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This was a frequent problem for me when I worked at a local hospital. I would get calls to the ICU to notarize all manner of documents for people who were in no condition to be making decisions. It would be very frustrating to family members when I had to refuse notary services for patients who were neither alert nor oriented or were on psychotropic or narcotic medications. That is why these decisions have to be made early, before it's an emergency, when people are rational and stable physically and emotionally.
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Some hospitals have health care proxies that your mother (if she's competent) could sign before a staff member and those may not require a notary seal. If you do need to get DPOA, as mentioned above some hospitals do have staff on call that could help....or if you know someone that is a notary, they can come notorize the DPOA....you can find state-specific forms online. It may not be necessary to have them witnessed (for example, TN no longer requires witnesses...a notary seal is all that is needed). Best of luck with your mother.
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As mentioned previously she must be able to understand the ramafications of what she is signing (DPOA). I would recommend that you ask her doctor to make an entry in her record as to her competency.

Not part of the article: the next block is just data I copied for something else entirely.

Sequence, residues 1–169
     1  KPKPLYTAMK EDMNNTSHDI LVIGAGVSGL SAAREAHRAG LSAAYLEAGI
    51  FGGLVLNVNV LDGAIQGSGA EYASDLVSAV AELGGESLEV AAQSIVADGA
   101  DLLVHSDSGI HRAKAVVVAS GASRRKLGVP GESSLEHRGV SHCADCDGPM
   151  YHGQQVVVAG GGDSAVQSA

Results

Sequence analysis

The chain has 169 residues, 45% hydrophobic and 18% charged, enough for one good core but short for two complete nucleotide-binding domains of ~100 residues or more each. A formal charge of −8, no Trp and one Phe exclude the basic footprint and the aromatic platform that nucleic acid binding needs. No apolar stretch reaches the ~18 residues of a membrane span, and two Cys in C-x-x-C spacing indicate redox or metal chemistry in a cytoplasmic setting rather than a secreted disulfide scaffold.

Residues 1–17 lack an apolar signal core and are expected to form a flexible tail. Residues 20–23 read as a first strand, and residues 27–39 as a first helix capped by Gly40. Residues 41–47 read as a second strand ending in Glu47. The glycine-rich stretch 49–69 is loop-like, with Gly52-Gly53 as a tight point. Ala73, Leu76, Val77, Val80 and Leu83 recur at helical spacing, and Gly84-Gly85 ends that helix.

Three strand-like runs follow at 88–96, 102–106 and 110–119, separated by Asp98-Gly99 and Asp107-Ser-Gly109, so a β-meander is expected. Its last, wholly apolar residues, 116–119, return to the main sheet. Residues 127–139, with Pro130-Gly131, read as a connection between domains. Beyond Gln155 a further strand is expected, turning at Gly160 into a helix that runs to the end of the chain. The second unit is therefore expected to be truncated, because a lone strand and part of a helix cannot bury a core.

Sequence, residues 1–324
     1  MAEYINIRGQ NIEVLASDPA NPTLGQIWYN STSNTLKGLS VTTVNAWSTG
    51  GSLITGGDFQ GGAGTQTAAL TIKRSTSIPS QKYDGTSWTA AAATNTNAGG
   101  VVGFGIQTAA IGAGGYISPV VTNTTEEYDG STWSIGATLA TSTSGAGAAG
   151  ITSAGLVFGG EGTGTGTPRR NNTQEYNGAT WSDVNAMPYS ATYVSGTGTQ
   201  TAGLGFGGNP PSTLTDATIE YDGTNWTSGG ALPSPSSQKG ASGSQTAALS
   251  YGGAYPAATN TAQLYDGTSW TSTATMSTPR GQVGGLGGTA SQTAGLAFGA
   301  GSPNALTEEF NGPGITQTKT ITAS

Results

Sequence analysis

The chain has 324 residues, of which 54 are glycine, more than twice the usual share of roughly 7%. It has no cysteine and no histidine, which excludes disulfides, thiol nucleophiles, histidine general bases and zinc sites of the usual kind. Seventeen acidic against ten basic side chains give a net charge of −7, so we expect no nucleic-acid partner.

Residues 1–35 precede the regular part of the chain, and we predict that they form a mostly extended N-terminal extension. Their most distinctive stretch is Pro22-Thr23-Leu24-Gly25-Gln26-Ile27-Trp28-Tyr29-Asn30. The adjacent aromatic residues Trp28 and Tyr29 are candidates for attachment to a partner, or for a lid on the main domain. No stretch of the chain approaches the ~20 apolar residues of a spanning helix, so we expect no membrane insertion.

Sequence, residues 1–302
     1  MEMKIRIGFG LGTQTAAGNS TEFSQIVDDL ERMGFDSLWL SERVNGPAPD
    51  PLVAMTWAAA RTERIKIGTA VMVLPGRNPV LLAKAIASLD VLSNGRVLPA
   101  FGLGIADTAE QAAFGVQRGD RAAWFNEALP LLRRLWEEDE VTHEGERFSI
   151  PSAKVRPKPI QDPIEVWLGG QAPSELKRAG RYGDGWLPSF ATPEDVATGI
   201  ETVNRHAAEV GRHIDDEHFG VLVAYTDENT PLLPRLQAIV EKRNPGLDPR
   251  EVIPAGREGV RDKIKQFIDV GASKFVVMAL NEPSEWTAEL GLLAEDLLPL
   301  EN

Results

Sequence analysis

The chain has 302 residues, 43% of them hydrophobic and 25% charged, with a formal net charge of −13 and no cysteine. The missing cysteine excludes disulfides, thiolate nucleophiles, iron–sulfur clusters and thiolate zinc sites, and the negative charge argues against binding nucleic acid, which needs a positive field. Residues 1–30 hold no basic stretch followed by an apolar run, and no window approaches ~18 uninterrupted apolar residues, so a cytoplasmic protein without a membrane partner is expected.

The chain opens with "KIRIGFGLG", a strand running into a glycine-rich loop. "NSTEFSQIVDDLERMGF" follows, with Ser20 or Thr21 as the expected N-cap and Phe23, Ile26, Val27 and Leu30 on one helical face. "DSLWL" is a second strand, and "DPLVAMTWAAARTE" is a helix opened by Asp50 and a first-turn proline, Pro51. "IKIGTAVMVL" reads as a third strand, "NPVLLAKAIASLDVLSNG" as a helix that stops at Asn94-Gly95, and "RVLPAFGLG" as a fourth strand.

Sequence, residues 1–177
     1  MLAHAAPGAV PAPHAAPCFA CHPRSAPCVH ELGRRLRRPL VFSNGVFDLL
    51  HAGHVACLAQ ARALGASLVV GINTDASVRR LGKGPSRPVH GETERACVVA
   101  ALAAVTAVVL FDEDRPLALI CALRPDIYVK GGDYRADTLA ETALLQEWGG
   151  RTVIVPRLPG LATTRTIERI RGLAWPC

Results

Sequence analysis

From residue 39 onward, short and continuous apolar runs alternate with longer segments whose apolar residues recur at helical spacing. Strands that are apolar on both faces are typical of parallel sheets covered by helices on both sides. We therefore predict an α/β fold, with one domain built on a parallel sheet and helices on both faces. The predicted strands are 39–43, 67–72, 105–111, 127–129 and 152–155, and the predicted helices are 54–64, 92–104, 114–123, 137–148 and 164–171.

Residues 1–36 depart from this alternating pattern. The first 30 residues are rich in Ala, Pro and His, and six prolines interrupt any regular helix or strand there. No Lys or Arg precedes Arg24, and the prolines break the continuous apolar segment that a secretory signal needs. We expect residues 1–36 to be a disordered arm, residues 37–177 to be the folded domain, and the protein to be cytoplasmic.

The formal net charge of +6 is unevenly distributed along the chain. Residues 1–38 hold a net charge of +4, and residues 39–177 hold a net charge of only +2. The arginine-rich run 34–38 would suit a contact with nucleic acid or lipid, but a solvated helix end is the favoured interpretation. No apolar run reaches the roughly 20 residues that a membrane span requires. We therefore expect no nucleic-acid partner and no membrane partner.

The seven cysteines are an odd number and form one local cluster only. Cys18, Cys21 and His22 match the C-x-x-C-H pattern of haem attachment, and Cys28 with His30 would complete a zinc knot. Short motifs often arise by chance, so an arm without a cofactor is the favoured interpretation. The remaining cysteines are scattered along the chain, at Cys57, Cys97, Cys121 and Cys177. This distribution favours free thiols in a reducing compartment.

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Hospitals have notaries on staff who have jobs there who could do that if she is alert she could sign her name and if she is not the above answer should be a help to you,
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Hello: My Mom also ended up in ICU after wrecking her car. She was cursing at the doctors and nurses and kept trying to pull her bandages off. She had to be restrained with 8 restraints and she probably only weighs 110 pounds! The doctor and I just kind of looked at each other and I said I can't take her home like that. The doctor wanted some baseline information and after I told him all the dementia-related behaviors she had exhibited at my home, I was able to take his exam results to court and was made guardian of person only. But there would have been no way she would have been able to sign any kind of documents due to the injury and not wanting to sign anything because she was suspicious of anything like that. She has no idea I'm the guardian to this day.
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I'm sorry to hear about your mom, but she must be healthy enough to and competent enough to sign a durable and medical POA along with it being notarized as well as witnessed. An atty can write one up, but some print them off of the internet.
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